Ah, then I don't agree with your thesis. For one thing, I don't think the two sides of the brain divide their agendas in the way you hope for most people. What if my heart is one that simply believes that I should do whatever I fancy? And what if the left-side of my brain then conspires with my right side to say that I should do whatever I fancy as long as I can get away with it under the rules of the system? Next thing you know I could be forcing software on folks and dancing a jig at the same time because the legal system is ropey and outmoded in some areas.
It all boils down to the consideration of others, and at present there are aspects of life where the rules of the system allow you ignore the issue rather too much.
John 'maddog' Hall's views in Eric Armstrong's recent post, and your need to edit John Deneen's post about entrepreneurship are evidence of this.
There has been a great deal of effort expended in philosophy trying to make the ethical a matter of rational decision for precisely these reasons. Present ethical philosophy is still some way ahead of the legal system in many matters in this respect, but I believe its theoretical approach has to be proven to marry with significant aspects of legal precedent before moves to alter the legal system can be made.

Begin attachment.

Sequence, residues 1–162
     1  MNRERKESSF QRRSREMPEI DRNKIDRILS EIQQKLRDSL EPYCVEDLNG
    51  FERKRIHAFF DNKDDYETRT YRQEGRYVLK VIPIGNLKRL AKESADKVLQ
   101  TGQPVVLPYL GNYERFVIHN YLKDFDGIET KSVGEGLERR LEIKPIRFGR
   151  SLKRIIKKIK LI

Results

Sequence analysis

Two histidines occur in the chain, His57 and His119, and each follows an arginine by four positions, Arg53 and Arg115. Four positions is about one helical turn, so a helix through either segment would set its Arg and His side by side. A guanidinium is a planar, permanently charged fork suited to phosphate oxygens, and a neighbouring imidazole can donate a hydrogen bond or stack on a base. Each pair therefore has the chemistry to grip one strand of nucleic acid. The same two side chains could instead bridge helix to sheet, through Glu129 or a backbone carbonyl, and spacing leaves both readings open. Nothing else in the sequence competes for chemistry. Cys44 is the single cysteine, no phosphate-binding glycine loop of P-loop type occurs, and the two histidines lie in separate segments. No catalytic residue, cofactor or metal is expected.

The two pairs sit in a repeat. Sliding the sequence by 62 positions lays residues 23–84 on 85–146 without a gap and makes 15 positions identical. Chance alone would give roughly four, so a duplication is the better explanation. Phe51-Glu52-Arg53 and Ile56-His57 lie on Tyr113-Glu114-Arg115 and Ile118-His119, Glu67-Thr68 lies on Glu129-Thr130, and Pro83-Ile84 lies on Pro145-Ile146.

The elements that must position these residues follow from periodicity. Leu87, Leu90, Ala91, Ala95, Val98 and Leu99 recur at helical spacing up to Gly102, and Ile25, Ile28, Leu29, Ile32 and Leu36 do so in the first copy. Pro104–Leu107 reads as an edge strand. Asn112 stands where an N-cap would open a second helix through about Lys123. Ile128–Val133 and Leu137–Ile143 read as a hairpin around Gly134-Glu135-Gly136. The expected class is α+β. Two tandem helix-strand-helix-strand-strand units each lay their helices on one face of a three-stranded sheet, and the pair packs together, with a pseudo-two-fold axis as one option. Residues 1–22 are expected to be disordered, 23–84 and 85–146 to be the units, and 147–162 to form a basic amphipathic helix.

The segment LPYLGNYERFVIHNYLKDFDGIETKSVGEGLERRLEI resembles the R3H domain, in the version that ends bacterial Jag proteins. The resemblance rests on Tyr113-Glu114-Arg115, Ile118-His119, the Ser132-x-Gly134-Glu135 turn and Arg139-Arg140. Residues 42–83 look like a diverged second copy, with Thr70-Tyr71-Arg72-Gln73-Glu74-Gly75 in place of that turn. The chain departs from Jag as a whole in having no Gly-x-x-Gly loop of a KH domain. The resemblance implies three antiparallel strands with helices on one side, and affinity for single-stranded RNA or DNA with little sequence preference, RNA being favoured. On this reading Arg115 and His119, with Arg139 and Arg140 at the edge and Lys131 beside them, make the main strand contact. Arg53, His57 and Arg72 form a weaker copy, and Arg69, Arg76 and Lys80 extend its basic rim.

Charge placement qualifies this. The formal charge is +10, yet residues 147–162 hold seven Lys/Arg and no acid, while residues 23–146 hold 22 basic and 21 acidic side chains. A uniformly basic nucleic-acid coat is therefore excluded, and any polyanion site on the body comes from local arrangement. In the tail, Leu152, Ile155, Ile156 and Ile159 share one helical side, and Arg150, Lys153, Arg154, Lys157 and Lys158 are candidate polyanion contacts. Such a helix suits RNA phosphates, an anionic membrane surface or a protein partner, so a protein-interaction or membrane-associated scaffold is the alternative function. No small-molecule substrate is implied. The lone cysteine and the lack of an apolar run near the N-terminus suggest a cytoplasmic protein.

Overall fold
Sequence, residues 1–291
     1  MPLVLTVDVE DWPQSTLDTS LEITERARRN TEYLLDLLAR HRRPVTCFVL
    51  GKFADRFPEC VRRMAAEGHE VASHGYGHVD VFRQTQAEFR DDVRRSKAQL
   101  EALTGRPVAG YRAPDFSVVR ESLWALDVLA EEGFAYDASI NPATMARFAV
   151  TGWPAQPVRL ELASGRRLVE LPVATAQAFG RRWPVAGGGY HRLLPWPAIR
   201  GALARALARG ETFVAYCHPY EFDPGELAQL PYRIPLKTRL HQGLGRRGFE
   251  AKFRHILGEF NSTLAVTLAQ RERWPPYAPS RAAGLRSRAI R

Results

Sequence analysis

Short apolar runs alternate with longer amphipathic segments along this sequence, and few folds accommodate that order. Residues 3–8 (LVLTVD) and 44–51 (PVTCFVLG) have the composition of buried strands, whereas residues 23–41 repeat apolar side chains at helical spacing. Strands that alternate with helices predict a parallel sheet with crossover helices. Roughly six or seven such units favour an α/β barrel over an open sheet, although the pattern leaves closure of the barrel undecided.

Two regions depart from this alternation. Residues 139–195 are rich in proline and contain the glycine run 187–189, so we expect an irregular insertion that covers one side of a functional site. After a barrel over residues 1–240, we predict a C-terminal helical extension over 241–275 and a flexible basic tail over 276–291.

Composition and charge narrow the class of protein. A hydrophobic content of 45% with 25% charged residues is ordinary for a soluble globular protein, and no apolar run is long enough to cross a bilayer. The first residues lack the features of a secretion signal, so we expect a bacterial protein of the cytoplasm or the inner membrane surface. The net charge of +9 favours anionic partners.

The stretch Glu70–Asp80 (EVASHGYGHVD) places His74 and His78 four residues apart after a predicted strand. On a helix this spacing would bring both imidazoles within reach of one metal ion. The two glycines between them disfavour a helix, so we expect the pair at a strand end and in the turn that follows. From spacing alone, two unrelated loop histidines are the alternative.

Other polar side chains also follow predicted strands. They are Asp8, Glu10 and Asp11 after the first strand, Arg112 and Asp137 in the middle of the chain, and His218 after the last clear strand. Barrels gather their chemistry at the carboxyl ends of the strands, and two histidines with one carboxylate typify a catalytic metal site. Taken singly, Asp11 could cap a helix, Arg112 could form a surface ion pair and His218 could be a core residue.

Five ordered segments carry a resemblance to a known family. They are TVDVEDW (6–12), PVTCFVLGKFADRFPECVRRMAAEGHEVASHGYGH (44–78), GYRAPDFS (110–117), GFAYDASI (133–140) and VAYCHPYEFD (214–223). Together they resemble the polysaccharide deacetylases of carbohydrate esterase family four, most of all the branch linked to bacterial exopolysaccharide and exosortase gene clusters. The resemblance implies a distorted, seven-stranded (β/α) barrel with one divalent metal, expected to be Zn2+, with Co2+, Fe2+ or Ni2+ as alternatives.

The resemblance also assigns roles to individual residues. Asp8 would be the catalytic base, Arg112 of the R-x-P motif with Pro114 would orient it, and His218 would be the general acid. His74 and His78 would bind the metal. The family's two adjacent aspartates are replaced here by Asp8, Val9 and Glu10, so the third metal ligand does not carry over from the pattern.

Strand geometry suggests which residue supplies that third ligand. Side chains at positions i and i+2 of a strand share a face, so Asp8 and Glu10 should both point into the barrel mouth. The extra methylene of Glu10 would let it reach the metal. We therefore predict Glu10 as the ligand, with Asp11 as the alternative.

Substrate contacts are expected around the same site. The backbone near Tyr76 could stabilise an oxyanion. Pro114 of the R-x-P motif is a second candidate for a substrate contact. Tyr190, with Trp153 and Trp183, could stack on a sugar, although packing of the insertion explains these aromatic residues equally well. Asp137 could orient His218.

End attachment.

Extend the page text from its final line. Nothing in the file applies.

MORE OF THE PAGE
Cf. Immanuel Kant, and the seminal works of Martha Nussbaum if you really want to go for it.
----- Original Message -----
From: Henry van Eyken
Sent: Thursday, July 12, 2001 1:56 AM
Subject: Re: [unrev-II] "As We May Think", The Exploratories Project & a Tour of Mindmapping Links
I meant with the statement roughly that there are circumstances under which the heart ought to guide the perceived selfinterest or, again roughly, where the right-brain should keep the left-brain in check.
Peter Jones wrote:
Hi, Yes, I'd understood that point. >In other words, our affect ought to do a better job of directing our intellect. I'm not sure I really understood this last point though, because affects are usually spoken of in relation to peripheral nervous system response to stimuli in all the literature I've read. Etc., etc.
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